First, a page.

The Dark World Of Suburban T-Ball
DALLAS (CBSDFW.COM) - I’m the proud father of two beautiful children (Side Note: To the kids that bullied me in high school . . I told you I would have sex someday!) Anyways, my oldest son is 5 years-old and has recently joined an American institute that is lovingly enjoyed by some, but wildly obsessed by others . . . t-ball in the suburbs.
After only a few weeks of watching what I describe as Thunderdome without Tina Turner, but with plenty of other big-haired b*tches, the t-ball league my son plays in has always stayed true in promoting what’s important, teaching your child the fundamentals of baseball…WHATEVER!
For me, t-ball in the suburbs allows me to observe something more entertaining than anything my child will do. It’s what I don’t see on the field, but what I witness in the stands that’s intriguing, the various categories of t-ball parents.
Allow me to elaborate on some:
The Rhinestone Mom – Her bedazzled shirts, shoes, jeans, purse, hat and occasional iPhone exposes a 40-something woman that still thinks she has it thanks to the great fashion deals she gets at First Monday in Canton
The Business Dad – Wearing a crisp pair of slacks, lightly starched dress shirt, polished wing tips and hair as perfect as his portfolio, Business Dad shows up to the game just in time for his son to see the top of his head . . since his face is buried in his phone, getting updates on the NASDAQ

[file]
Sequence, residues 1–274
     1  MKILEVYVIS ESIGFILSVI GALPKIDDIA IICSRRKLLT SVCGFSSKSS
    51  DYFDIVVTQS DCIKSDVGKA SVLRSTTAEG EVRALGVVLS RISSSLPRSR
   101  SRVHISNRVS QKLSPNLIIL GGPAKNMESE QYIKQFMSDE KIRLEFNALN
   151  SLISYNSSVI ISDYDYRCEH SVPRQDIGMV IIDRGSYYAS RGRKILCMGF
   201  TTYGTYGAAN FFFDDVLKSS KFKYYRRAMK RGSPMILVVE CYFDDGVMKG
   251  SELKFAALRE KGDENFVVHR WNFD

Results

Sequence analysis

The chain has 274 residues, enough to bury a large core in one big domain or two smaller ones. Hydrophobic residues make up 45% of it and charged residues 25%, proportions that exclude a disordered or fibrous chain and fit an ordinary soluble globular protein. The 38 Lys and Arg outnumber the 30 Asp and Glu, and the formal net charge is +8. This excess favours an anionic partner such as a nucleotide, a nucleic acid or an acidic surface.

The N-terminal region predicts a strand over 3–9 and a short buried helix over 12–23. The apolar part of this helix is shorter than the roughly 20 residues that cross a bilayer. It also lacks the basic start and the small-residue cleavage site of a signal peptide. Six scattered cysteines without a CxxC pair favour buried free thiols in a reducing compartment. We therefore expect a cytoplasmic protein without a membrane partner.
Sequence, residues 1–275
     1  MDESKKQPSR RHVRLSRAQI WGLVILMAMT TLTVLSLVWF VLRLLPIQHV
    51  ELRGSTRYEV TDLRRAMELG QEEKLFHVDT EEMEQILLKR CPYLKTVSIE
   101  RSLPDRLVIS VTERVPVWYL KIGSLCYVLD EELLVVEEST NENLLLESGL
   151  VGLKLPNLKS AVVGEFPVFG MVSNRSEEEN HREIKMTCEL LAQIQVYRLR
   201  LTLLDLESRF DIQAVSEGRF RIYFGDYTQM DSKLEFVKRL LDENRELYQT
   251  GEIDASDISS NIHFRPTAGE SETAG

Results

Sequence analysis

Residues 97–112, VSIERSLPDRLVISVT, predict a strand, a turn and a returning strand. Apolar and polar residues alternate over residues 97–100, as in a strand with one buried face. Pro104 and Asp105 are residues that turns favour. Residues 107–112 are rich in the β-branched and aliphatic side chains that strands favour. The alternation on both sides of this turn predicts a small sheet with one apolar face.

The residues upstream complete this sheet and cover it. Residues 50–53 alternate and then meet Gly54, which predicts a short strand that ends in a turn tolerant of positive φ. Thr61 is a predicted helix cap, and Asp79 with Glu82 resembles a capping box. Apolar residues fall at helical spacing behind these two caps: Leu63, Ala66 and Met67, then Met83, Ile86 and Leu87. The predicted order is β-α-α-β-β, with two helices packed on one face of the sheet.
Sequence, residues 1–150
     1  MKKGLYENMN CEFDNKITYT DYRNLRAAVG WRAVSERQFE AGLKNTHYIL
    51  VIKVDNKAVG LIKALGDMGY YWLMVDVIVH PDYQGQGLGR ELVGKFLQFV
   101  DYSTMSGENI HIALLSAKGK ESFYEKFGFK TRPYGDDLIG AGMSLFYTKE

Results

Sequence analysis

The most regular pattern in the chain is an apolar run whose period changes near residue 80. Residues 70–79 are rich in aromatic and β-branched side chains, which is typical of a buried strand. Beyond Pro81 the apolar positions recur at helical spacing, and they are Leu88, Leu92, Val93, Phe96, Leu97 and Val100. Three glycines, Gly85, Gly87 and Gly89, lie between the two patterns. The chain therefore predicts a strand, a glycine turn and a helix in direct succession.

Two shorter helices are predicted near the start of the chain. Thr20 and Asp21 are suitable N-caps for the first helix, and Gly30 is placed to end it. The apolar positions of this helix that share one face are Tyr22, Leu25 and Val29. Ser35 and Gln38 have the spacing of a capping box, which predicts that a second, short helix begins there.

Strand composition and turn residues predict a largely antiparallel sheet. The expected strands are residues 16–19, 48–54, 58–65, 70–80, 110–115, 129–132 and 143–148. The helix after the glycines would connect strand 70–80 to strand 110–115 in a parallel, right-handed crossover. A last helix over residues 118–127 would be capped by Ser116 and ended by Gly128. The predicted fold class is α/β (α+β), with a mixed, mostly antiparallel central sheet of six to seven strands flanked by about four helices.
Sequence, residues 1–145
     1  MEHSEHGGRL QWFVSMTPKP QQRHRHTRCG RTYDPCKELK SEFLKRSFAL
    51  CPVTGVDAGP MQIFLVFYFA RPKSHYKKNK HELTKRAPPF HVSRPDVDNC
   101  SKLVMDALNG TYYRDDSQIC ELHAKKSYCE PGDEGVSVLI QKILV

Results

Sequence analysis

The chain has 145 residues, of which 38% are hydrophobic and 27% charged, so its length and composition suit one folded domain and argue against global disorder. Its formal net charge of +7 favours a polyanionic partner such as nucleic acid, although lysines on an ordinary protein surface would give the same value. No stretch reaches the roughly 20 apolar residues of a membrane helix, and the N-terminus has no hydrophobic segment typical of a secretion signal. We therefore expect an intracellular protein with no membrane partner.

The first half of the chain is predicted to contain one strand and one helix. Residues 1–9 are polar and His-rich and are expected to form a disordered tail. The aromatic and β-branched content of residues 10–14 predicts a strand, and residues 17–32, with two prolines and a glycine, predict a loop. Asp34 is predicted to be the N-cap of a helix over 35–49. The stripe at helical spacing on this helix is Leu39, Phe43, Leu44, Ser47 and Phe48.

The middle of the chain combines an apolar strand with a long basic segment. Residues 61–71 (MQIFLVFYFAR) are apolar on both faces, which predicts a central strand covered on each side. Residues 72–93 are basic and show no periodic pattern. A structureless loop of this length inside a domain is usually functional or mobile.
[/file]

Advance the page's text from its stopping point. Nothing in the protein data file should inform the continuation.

The I Love My Child More Then You Mom – A simple “Go Team!” cardboard sign is not enough for this Mom. The gaudiness of love begins with pictures of her star player on buttons, t-shirts and posters. The love fest continues with specially written chants for her child while using choreographed dance moves that would make Paula Abdul sober
The Still Thinks He’s Playing Dad – The athletic shorts and athletic shirt he wears are the only things “athletic” on the man who can’t let go of the past. Although he might have been a decent player back in his days, his oversized gut, monkey-butt bald spot and reference to All-District 1994 is a sad display of unreleased memories
The Thermos Mom – She’s loud, abrasive and chugs from her Thermos every 20 seconds. It doesn’t take long before the faint scent of Moscoto leaves her breath and the Thermos runs dry . . but no worries . . thanks to the can of Altoids filled with unusual mints that are stamped with milligram numbers
Now, the question is raised to me…who am I?
Am I a parent that silently keeps his opinions to himself while watching his child grow up enjoying the wonders and comradery of sports or am I a prick hiding his unspoken observations behind an article posted on a website thanks to a company mandate?
Either way, I’m in FOUL territory . . see what I did there?
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